Canadian research is at the heart of an experimental Ebola therapy recently given to two American aid workers infected while caring for patients in Liberia.
The unlicenced drug, called ZMapp, is made of three monoclonal antibodies, disease fighting proteins that target a specific part of an invading pathogen, in this case the Ebola Zaire virus. That is the specific strain of Ebola responsible for this outbreak.
Two of the monoclonal antibodies are the product of years of research done at the Public Health Agency of Canada's National Microbiology Laboratory in Winnipeg, the agency confirmed in an email late Monday.
The third was developed at the U.S. Army Medical Research Institute of Infectious Diseases, known as USAMRIID.
"Canada is a world leader in research and we are proud of the advances made at the NML (National Microbiology Laboratory) in this area," a spokesperson for the agency said via email Monday night.
The former head of the Winnipeg-based laboratory said he was delighted to hear that the Canadian-designed monoclonal antibodies had been used in this way.
"This is really gratifying to see the work come to fruition," said Dr. Frank Plummer, who stepped down as the lab's scientific director at the end of March.
"It's a big achievement after years and years of very hard work."
The Canadian research was done under the leadership of Dr. Gary Kobinger who heads the special pathogens research program at the national laboratory. His team had developed a cocktail of three monoclonal antibodies called ZMAb, the rights to which were recently acquired by LeafBio of San Diego, Calif.
LeafBio is collaborating with Mapp Biopharmaceutical, also of San Diego, which is the maker of ZMapp. That is the product given last week to Dr. Kent Brantly, who works with the relief organization Samaritan's Purse, and Nancy Writebol, an American missionary who works with the organization Service in Mission or SIM.
The two were infected while working at an Ebola treatment centre in Liberia. Brantly was transferred to the United States last weekend, where he was admitted to a special isolation treatment unit at Emory University Hospital in Atlanta. Writebol is also being brought back to the United States; she is to arrive at Emory on Tuesday.
Neither ZMapp nor the individual monoclonal antibodies it contains have been tested in humans, though small studies in non-human primates look very promising. It has been reported that Brantly and Writebol were warned the drug had only been tested in animals but that they were willing to try the treatment anyway.
A joint statement from Mapp Biopharmaceutical and LeafBio said ZMapp is an optimized monoclonal cocktail, incorporating the best of the Canadian and U.S.-made antibodies.
The drug is generated in tobacco plants that have been genetically engineered to produce the monoclonal antibodies. That work is done by Kentucky BioProcessing of Owensboro, KY., a subsidiary of tobacco giant Reynolds American.
A spokesman for Reynolds said within the last week Kentucky BioProcessing was asked by Emory University Hospital and Samaritan's Purse to provide a limited amount of ZMapp to be used to treat Brantly and Writebol. David Howard said the makers were given an IND — investigational new drug — designation by the U.S. Food and Drug Administration.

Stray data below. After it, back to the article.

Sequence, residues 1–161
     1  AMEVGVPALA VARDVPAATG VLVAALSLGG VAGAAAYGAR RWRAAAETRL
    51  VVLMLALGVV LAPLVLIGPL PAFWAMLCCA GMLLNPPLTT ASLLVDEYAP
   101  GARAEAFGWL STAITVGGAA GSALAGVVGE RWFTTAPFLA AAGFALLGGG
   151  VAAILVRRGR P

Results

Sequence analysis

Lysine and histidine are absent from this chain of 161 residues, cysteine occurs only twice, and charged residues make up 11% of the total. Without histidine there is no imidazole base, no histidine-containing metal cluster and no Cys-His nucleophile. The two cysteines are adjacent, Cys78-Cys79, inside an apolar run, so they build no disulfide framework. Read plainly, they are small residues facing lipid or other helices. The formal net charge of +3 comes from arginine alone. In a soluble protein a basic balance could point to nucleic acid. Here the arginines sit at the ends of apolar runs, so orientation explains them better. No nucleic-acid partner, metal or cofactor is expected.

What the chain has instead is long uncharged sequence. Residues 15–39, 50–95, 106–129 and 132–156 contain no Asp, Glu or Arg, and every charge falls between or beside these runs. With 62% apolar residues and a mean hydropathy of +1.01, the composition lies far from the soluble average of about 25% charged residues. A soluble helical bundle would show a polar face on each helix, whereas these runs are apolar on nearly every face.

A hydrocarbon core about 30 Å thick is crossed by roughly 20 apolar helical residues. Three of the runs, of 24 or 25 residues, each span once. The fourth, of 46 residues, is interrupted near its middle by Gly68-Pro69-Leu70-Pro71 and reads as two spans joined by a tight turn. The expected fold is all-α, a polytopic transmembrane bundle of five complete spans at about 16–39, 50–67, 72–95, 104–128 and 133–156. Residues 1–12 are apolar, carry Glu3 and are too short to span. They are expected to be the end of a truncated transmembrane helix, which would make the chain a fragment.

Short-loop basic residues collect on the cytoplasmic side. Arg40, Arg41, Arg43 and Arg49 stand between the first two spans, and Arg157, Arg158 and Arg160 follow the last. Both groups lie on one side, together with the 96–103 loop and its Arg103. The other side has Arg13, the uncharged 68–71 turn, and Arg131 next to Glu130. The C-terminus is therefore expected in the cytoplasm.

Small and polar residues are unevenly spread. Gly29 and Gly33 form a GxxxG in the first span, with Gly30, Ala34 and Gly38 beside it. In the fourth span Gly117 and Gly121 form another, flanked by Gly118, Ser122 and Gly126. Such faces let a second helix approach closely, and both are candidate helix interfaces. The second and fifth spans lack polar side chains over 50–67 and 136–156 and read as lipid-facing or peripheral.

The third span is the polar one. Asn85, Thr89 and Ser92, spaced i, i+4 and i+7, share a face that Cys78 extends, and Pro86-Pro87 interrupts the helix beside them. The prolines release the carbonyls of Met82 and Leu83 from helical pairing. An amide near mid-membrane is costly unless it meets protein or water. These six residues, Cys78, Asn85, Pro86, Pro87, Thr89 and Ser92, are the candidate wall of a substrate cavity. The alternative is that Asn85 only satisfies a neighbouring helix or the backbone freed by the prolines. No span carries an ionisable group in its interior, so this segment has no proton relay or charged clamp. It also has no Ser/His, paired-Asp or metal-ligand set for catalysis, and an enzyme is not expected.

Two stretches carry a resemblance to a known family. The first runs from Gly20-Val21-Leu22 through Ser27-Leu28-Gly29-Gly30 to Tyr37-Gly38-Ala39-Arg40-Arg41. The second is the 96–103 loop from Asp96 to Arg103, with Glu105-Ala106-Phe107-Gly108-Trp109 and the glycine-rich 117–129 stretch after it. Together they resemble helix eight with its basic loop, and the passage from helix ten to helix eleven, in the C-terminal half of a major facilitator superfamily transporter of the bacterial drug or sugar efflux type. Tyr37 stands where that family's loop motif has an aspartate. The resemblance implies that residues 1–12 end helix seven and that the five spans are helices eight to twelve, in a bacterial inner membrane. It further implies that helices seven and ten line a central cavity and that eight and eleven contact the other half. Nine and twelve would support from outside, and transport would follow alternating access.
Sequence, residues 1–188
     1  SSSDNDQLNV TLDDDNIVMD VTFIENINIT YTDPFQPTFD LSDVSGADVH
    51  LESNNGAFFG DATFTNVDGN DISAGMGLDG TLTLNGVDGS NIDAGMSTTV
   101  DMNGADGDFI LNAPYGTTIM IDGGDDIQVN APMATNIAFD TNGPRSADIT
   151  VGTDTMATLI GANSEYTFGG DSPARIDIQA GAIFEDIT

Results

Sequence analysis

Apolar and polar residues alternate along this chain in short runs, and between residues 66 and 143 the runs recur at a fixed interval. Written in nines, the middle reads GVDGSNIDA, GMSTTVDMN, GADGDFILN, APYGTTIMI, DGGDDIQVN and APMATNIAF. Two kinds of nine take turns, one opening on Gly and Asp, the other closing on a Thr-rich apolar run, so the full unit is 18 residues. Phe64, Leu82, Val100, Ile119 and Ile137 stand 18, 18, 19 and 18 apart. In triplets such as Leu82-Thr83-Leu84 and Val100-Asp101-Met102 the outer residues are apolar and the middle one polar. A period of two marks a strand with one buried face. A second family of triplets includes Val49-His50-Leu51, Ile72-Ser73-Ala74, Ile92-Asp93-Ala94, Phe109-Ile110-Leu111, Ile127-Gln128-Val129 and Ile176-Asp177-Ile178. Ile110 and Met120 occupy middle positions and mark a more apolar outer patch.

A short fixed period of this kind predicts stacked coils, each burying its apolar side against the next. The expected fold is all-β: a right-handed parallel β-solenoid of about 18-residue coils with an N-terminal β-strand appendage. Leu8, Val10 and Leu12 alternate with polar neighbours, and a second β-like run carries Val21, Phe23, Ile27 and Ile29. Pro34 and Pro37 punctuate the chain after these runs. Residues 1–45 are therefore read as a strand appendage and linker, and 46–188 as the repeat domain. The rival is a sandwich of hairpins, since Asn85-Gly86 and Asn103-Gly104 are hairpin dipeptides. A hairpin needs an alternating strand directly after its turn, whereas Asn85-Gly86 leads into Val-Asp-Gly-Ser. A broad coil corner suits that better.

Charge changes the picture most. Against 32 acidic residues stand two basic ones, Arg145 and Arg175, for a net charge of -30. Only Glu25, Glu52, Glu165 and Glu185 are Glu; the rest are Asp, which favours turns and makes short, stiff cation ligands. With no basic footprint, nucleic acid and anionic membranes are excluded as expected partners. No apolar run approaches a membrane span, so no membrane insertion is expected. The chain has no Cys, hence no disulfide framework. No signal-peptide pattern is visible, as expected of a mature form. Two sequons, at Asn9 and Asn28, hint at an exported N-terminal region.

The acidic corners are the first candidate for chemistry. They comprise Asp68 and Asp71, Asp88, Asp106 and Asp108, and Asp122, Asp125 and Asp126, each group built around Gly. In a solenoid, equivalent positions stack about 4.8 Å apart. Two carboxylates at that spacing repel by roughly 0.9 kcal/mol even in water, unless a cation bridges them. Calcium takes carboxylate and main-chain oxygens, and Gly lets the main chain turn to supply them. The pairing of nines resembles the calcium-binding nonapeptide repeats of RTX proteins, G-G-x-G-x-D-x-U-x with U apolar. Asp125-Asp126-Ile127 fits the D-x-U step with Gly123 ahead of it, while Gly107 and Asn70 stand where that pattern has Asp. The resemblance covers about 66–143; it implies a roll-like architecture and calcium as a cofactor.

He said the drug's makers hope to begin a Phase I clinical trial later this year. That type of preliminary trial involves giving a therapy to healthy volunteers to see if it is safe for people to take, and to determine an appropriate dose. These studies are not large enough to provide proof of whether a drug works.
The Canadian lab is one of the leading research facilities globally for countermeasures for Ebola and Marburg, a related virus which also causes severe and often fatal infections.
An experimental Ebola vaccine made at the Winnipeg lab under Kobinger's predecessor, Heinz Feldmann — now head of the virology laboratory at the U.S. National Institute of Allergy and Infectious Diseases' Rocky Mountain Laboratories in Hamilton, Mont. — is considered the best candidate vaccine for Ebola.
Unlike other experimental Ebola vaccines, the one designed at Winnipeg appears to work if given shortly after exposure to the virus, at least in animal testing. If it can be pushed through the developmental pipeline, it could be the option of choice for researchers who risk getting infected when working on Ebola in laboratories and health-care workers who can become exposed during outbreaks.
The Winnipeg lab and a number of other facilities have been working for years to produce Ebola and Marburg interventions. But lack of funding and regulatory hurdles had prevented these experimental tools from being used in outbreaks up until now.
Still, this emergency use is unlikely to change the course of the current outbreak, which continues to infect people in Guinea, Sierra Leone and Liberia and now may be moving into Nigeria. That country reported several suspect and probable cases Monday, at least two of whom are health-care workers who treated an infected man who recently travelled by plane to Nigeria from Liberia.
While there are a number of experimental therapies in development, there may be only small quantities of each available. Research laboratories and small biotech companies typically would make only what they need for research purposes. Ramping up production of a drug or a vaccine only happens when it has been licenced and the manufacturer is ready to take it to market.
The World Health Organization says that as of Aug. 1 there have been at least 1,603 cases of Ebola in this outbreak and at least 887 deaths.